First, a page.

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Snowflakes in the stratosphere

Monday 12th November 2018

Just to briefly take you away from Jeremy Corbyn’s Cenotaph clobber and Brexit generally – I’d been giving a talk about life and art to a bunch of academics re ‘uni’. We used to call it ‘university’ because we grammar school boys were so happy to have achieved a difficult transition from school to  further education at a seat of learning  , that we afforded our new institutions some verbal respect. I said  that the snowflake students of today  would grow up with no essential curiosity. They demand ‘safe areas’ where unpleasant challenges of discussion are excluded. For example a…

Taxing times

Thursday 23rd August 2018

I think Trump will escape impeachment. He’s not very nice – I struggle to find a leading international political that is or was ‘nice’. Trump promised to make America ‘great again’ and to cut taxes. He’s done the latter, which is one reason why the most representative stock market in the US is breaking records, and if ‘great again’ means a more independent American continent, self sufficient in food and fun, then who, among the ‘deplorables’ isn’t going to like that? The East and West coast commentariat can tootle a plaintive refrain, but the chorus of the US is its…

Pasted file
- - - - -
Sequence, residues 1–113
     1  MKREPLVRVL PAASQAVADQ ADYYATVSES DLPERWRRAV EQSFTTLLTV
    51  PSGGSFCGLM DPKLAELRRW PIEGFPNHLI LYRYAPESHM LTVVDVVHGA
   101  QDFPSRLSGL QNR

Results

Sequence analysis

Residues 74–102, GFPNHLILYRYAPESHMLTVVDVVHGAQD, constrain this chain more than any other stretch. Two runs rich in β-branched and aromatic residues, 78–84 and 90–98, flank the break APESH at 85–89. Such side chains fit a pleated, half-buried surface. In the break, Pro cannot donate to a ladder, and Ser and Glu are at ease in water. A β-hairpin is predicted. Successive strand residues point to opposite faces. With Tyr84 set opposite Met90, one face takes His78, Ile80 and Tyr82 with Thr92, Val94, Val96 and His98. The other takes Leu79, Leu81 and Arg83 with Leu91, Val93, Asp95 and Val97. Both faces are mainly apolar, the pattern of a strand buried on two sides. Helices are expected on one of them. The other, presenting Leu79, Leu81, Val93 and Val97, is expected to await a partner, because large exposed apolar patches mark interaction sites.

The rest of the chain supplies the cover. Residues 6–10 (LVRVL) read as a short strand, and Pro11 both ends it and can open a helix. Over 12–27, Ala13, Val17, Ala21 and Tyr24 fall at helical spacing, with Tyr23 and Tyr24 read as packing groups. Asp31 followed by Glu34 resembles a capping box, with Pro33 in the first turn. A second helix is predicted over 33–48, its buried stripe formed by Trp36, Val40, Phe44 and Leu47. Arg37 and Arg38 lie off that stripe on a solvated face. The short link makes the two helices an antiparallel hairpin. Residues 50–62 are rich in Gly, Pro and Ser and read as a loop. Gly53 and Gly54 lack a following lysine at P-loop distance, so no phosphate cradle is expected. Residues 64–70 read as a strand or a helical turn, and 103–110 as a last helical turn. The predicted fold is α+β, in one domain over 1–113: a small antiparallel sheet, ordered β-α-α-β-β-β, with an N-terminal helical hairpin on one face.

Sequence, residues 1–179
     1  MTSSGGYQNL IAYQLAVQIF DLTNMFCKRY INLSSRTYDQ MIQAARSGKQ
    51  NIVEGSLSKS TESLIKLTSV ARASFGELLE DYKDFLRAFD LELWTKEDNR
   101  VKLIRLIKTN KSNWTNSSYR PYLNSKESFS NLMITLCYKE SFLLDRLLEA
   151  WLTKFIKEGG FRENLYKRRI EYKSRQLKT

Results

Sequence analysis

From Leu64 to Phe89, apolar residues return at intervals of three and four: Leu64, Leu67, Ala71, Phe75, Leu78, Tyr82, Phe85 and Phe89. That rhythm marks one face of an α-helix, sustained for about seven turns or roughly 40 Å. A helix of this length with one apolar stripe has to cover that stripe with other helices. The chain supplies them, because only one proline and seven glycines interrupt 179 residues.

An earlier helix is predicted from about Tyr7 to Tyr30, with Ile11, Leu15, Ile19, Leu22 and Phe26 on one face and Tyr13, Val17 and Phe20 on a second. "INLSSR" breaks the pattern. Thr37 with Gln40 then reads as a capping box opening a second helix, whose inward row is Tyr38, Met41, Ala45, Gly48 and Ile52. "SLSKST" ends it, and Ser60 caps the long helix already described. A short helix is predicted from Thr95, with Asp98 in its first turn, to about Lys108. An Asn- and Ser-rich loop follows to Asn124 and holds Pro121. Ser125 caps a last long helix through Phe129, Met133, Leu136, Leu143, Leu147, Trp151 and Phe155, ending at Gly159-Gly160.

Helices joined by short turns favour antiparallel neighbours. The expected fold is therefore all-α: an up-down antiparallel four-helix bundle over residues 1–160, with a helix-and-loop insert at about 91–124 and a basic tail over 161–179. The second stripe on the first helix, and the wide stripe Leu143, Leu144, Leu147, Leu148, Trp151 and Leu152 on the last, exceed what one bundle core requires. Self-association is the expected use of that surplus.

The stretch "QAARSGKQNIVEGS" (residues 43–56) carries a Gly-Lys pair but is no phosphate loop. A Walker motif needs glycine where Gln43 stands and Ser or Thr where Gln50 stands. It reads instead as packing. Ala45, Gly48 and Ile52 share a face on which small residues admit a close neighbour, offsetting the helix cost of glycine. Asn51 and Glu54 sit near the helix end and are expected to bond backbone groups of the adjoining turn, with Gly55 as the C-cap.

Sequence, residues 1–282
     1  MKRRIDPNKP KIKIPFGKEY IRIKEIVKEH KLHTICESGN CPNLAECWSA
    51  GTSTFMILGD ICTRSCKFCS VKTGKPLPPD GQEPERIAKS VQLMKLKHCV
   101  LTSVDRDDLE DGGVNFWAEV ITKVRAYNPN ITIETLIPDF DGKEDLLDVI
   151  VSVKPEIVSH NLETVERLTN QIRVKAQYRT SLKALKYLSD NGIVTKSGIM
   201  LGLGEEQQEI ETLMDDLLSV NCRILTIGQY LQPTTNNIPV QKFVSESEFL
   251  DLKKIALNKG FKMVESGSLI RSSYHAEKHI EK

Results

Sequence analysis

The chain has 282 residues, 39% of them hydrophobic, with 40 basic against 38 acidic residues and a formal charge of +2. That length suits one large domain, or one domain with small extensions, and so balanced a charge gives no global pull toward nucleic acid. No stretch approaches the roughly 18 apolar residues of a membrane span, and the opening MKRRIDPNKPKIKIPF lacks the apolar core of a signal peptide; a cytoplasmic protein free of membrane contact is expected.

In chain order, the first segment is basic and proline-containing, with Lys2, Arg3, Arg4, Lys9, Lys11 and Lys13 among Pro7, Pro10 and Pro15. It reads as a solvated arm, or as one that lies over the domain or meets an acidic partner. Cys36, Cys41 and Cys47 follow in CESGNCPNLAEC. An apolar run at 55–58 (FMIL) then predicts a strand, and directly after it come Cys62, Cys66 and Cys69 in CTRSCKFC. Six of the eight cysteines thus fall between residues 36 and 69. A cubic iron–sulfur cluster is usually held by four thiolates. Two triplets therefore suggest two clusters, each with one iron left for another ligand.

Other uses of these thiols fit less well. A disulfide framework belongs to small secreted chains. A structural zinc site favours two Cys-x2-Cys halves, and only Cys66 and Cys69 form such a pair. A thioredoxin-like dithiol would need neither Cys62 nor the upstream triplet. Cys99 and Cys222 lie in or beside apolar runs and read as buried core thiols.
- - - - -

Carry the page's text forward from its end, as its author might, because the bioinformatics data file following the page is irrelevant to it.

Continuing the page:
Cents of reality from the home of the dollar

Wednesday 30th May 2018

That funny old thing called The Wall Street Journal, more conservative than a Brooks Brothers’ shirt and famously captured by Rupert Murdoch from a bizarre American family – of which Google and have fun if you have the time  – anyway the good old WSJ has a curious news taster called “The 10 point”. So, does than mean ten news points in the bulletin? Well, not quite. But if you’ve been an inky fingered printer, you’ll know that the ’10 point’ refers to a size of printing type – and in the old days that was the size in which…

Kerrang gone kerrong

Wednesday 2nd May 2018

A week like no other for merger mania – not just the  £15bn tie-up between Sainsbury and Asda, and the much more massive US T-Mobile for Sprint – and then the $36bn deal between Marathon Petroleum and its rival refining group Andeavor. This orgy of deal making is typical of a market at the head of its froth. Cheap money, high stock prices. Flimsy partnerships with hope over experience. When will we ever learn ?  More broadly, what these big money marriages lead to is leviathan companies which begin to please shareholders with their cost cutting and the crushing of…

Lording the aisles is a cut price job

Monday 30th April 2018

The out of the blue Sainsbury’s and Asda merger will probably make sense once the regulator is placated with the sale of hundreds of outlets. Asda supplies the lower end of the markets while Sainsbury’s sells groceries to the better off. It’s also just finished digesting a £1.4 bn aquisition of Argos – which, in the Sainsbury view, increases the value of its floor space. Meanwhile, Asda’s parent Walmart is freer to concentrate on the bigger task of coping with online and Amazon, which have transformed the retail landscape. The gossip is that in these changing times Morrison and the…